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The noble Lord said: In moving this amendment, I shall speak also to Amendments Nos. 95 and 96. Clause 9 relates to the introduction of lay magistrates in Northern Ireland. At the outset, it is worth highlighting the fact that these persons will be appointed by the Lord Chancellorand the Lord Chancellor alone. However, the First Minister and Deputy First Minister must have a role to play in the appointment, for example, of judges in the High Court.
Amendment No. 93 seeks to remove subsection (5)(d), which suggests that an order may list prescribed offences whereby a person, if convicted, may be ineligible. "Prescribed" in that context, however, by subsection (6) means, "prescribed in the order". That permits an exclusory role for persons convicted of theft but the inclusion of those convicted of terrorist offences.
Amendments Nos. 95 and 96 would replace that provision with a strict prohibition of persons convicted of criminal offences and dictates that persons convicted whilst lay magistrates must be removed. Just as we do not wish to have criminals involved in judicial appointments, we similarly do not wish criminals to be appointed lay magistratessuch persons will have an important role dealing with youth justice and reprimanding offending juveniles. I beg to move.
Baroness Scotland of Asthal: These important amendments deal with the issue of qualification for lay magistrates. Amendment No. 93 seeks to remove from the list of disqualification provision for lay magistrateswhich can be waived by the Lord Chancellorthe subsection which states that candidates who have been convicted of a prescribed offence are disqualified.
The review recommended that the criminal justice functions of justices of the peace should be undertaken by a new office of lay magistrate. The Bill accordingly sets out the likely qualification requirements for that post.
Amendment No. 94 seeks to remove the Lord Chancellor's discretion in applying those qualifications. The Lord Chancellor has that discretion in making justice of the peace appointments in England and Wales. If the amendment were agreed to, the Lord Chancellor would not, for example, be able to appoint candidates who depart even in the smallest way from the eligibility criteria. That would exclude a candidate, for example, who lived just five miles beyond the prescribed distance. The Government believe that such flexibility is essential and we therefore hope that the amendment will be withdrawn.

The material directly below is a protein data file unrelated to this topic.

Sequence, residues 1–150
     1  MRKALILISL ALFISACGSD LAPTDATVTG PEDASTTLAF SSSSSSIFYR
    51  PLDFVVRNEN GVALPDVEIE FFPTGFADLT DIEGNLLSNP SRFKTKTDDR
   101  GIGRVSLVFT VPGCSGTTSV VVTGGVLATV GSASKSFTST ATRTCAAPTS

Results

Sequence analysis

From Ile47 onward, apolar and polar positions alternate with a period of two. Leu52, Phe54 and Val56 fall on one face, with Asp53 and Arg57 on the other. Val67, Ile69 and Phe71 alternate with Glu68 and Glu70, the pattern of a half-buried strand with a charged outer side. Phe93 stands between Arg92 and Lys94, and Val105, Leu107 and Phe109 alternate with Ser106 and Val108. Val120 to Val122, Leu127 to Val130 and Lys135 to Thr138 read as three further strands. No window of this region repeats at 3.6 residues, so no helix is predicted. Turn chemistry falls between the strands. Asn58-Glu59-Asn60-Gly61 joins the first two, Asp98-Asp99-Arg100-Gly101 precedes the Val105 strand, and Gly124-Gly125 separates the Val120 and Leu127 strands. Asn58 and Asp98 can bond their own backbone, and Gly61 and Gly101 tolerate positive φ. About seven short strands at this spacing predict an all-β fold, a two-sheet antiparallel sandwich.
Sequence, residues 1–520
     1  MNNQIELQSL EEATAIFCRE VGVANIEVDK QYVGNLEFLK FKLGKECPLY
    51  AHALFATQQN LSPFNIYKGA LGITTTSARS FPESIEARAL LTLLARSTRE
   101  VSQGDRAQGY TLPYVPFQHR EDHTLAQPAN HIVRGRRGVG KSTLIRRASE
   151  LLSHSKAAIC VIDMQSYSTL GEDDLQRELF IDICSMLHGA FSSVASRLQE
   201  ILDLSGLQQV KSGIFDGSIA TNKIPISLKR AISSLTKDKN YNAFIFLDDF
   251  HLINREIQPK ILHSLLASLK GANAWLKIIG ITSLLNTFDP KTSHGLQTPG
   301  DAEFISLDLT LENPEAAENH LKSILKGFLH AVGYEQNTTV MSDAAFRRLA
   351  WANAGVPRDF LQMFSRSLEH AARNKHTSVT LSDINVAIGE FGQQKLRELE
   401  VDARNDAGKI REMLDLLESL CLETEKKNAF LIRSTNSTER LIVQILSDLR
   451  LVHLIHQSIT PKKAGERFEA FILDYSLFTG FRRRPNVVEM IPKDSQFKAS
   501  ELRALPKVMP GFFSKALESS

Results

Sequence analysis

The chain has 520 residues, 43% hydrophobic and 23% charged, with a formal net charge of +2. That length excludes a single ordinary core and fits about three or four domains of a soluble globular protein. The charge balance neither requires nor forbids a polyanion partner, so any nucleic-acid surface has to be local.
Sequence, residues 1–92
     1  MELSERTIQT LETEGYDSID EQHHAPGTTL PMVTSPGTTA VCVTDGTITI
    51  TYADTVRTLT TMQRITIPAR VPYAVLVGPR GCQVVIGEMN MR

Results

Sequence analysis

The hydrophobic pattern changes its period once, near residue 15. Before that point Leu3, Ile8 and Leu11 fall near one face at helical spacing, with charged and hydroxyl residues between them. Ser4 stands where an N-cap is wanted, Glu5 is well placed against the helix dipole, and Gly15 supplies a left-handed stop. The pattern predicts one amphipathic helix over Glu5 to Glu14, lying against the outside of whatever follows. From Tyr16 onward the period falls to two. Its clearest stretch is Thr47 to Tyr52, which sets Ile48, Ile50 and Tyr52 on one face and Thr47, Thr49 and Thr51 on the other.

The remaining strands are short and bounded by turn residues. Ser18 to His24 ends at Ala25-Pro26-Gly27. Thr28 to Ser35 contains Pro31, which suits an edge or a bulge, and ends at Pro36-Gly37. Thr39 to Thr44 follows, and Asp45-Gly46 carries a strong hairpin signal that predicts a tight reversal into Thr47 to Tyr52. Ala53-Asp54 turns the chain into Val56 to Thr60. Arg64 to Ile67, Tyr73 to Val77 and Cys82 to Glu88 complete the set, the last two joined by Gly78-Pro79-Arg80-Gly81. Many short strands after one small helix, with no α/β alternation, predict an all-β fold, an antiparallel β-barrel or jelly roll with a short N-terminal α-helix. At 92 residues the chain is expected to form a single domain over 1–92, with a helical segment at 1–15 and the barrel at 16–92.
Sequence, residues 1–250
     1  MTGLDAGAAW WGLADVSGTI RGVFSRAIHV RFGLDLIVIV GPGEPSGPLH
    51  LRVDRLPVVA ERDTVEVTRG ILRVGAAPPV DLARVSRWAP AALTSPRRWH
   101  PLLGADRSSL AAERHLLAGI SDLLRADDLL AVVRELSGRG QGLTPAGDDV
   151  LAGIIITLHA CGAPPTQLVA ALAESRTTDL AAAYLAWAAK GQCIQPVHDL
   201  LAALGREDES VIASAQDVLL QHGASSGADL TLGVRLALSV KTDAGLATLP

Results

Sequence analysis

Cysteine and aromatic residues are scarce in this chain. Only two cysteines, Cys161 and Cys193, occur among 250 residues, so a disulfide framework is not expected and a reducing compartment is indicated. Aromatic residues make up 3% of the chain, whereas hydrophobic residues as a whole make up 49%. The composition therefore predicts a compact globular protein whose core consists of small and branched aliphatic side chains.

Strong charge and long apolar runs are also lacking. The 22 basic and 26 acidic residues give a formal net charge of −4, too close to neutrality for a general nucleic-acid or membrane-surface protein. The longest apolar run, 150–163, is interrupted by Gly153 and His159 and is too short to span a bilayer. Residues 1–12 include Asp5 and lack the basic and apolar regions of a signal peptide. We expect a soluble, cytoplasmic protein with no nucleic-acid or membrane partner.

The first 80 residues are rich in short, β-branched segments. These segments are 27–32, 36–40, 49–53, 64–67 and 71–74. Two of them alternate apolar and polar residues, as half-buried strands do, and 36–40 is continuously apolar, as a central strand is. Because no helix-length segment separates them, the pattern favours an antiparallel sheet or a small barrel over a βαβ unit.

Amendment No. 96 requires the Lord Chancellor to remove a lay magistrate if he is convicted of a criminal offence. The effect of the provisions would be to remove any discretion the Lord Chancellor had to set aside convictions for certain prescribed offences and to decide to appoint such an individual as a lay magistrate anyway.
The Leader of the Opposition in the other place noted that just because a person has a past, it does not mean that he cannot play a role in the future. We support that sentiment and disagree with the amendments, which seek to remove that possibility. Members of the Committee said earlier that redemption should not be ruled out. I respectfully agree with that sentiment.
Lord Glentoran: I was interested to hear what the Minister said. It is strange that we have a seriously thought-out prescriptionparagraphs (a) to (d) of subsection 5 are seriously prescriptivebut that they can be made as nothing by the Lord Chancellor. The Bill is a serious mixture of over-prescription and under-prescription.
Baroness Scotland of Asthal: We would say that this would be appropriate prescription where the need arose. The functions, which are currently discharged by the Lord Chancellor, would, after devolution, be exercised by the First Minister and Deputy First Minister, as provided for by Schedule 3, paragraphs 40 to 42. That discretion has been judiciously used in the past, and we anticipate that it would be judiciously used in the future.
Lord Mayhew of Twysden: Before we return to the matter, would the Minister consider a slight variation of the amendment with which we are dealing? The purpose of this section of the Bill is to secure public confidence in the justice system. I agree with the Minister's description of the role of lay magistrates as modest but important, and it is plain that there is an important need for subsections 5(a) to (d).
The problem about the reference to "a prescribed offence" in paragraph (d), in which "prescribed" means prescribed in the order, is that it is difficult to draw up a satisfactory list of offences and to prescribe them in an order about which one can be confident that it is sufficiently comprehensive but not too comprehensive.
Baroness Scotland of Asthal: We will certainly consider that. I thank the noble and learned Lord, Lord Mayhew of Twysden, for that suggestion. I would say, in addition, that if someone has committed an offence that is not on the prescribed list,
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